Humour-mongers stand up for a cause

Humour-mongers stand up for a cause

Tongue-in-cheek, funny and insanely interactive. Stand-up comedy could be a whacky mix of all these and much else. 

In their perennial hunt for temporary relief from the drudgery of daily work and commute, Bangaloreans couldn’t have asked for a more instant medicine. No surprises then that the recent Russel Peters show in the City had a sell-out crowd that required a second act next day to satiate the unrelenting demand. 

This also explains why the City’s first stand-up venue, Urban Solace, continues to drive that undiluted passion with its Wednesday Open Mic session for the third year running. Fuelled by laughter erupting from the motley crowd, the wannabe artistes queue up by the dozen.

 Hooked, they return week after week. To entertain, fine-tune their skills or simply learn from fellow artistes. The word has spread so far that performers make weekly trips even from Chennai, Perry Menzies, the brain behind Urban Solace, informed Deccan Herald. 

But when this cuisine culture space kicked off its Stand-Up space in 2011, Menzies and anchor Sanjay Manaktala had a tough time finding the crowds. Bangalore had never seen something like that. “It was difficult. We had only Sanjay and Sandeep Rao doing the comedy acts,” Menzies reca­lled. “However, once we started inviting performers thro­ugh the Open Mic concept, people started trickling in.” 

The crowds only got bigger since then. Over the years, the amateurs found the venue the perfect learning ground and even a springboard to fame. Sanjay cited the case of Praveen Kumar, a seasoned artiste, who carved out a niche in the City perfecting the art at this very stage. “Praveen’s audience grew from five to 500 to 5,000. He even did an opening act for a national comic icon.”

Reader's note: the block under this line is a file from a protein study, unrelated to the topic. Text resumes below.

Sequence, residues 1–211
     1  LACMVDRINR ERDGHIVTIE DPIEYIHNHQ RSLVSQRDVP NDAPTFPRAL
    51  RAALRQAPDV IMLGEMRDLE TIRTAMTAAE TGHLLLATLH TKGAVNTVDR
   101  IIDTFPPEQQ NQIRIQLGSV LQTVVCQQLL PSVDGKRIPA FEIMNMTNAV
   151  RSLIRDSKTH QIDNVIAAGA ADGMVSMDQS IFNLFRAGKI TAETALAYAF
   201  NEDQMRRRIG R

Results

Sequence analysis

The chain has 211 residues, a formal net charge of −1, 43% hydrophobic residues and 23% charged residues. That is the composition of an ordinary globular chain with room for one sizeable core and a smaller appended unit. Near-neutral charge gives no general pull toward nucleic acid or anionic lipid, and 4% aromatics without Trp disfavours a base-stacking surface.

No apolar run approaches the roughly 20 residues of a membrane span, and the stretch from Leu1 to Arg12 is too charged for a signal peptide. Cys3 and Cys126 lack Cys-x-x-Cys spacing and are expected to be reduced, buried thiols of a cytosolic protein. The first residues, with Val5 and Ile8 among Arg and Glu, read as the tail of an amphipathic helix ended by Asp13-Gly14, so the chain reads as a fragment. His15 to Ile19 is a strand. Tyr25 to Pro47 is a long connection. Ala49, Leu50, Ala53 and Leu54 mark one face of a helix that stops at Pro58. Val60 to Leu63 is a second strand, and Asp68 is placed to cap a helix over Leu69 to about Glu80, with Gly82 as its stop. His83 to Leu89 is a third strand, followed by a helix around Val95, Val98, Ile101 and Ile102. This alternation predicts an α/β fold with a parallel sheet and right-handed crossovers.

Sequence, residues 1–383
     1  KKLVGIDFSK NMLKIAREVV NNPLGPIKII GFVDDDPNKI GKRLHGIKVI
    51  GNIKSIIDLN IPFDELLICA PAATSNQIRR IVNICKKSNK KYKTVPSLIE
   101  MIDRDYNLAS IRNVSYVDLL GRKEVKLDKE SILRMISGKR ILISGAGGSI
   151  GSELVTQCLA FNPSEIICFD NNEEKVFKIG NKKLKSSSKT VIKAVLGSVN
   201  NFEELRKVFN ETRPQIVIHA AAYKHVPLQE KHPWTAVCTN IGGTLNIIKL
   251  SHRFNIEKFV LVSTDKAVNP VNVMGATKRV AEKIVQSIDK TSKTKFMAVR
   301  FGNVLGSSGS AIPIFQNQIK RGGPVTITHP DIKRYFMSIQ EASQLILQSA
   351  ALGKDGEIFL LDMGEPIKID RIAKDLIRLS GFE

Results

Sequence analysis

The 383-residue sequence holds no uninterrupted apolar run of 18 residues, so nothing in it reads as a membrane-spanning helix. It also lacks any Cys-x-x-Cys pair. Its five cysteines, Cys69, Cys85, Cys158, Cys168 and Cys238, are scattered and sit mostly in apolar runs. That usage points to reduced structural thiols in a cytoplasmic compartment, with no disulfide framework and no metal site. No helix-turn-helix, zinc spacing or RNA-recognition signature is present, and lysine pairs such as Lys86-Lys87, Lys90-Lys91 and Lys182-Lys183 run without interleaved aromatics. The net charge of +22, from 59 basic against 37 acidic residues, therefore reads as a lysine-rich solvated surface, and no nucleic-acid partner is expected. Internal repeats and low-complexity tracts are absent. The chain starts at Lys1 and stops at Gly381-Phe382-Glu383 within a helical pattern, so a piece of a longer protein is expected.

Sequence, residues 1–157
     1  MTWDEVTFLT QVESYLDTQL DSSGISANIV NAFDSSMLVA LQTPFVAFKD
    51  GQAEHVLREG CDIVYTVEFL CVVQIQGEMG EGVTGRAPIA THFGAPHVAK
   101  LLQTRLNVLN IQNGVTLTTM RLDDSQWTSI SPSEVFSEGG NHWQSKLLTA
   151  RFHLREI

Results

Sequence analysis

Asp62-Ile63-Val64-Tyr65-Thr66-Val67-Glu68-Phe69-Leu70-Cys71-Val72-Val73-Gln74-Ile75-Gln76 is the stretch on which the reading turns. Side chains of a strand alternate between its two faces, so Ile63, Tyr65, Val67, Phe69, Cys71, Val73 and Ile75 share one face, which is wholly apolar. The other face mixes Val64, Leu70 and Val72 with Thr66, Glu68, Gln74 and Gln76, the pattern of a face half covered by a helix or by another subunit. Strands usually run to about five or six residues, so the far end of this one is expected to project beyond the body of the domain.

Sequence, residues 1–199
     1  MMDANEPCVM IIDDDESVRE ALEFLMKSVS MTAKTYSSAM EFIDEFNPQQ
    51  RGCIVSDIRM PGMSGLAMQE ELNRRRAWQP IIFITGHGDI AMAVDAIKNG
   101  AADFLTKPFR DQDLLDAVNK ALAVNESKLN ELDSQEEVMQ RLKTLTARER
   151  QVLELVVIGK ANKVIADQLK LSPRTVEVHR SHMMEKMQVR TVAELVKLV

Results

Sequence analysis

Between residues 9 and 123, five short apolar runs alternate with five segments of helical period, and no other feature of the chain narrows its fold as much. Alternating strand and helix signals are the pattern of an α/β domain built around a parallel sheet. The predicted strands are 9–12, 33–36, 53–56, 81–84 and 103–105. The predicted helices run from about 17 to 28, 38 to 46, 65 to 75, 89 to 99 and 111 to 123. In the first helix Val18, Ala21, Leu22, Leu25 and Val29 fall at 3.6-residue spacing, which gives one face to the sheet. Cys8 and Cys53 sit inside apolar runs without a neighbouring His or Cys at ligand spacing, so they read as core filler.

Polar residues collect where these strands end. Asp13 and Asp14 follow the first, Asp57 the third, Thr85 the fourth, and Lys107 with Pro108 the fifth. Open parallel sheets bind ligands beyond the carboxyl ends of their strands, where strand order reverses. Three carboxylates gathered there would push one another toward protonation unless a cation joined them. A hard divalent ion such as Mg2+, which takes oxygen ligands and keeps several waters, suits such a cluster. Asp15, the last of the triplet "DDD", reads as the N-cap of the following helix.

Unleashing his jokes, polishing them in sync with audience responses, artiste Kannan Gill had let the stand-up art get into his system, completely overhaul his career. He quit his IT job and turned a professional comic, full-time! “It has been an amazing experience for me. Doing 70-80 shows over the last two years, I have learnt that this open mic concept helps you develop your material, make you mature,” said Gill. The relatively small crowd in an intimate space actually helped him connect better with the audience. But making them laugh could be tough, as both he and Sanjay admitted. “If you can trigger laughter in a small room, you stand a better chance with a larger group. Laughter is often contagious. It is like watching a film in a theatre, where someone laughs and everyone joins in. You don’t do that in the privacy of your home,” Sanjay explained. 

Urban Solace’s pioneering foray into the stand-up space did not go wasted. Its motto of providing a platform for creative self-expression through art, music, poetry and humour proved addictive. Similar outfits sprang up in different parts of the City, preparing the ground for a huge interest in stand-up. The rambling rush at the Koramangala indoor stadium last month to catch a glimpse of Russel Peters was proof enough! 

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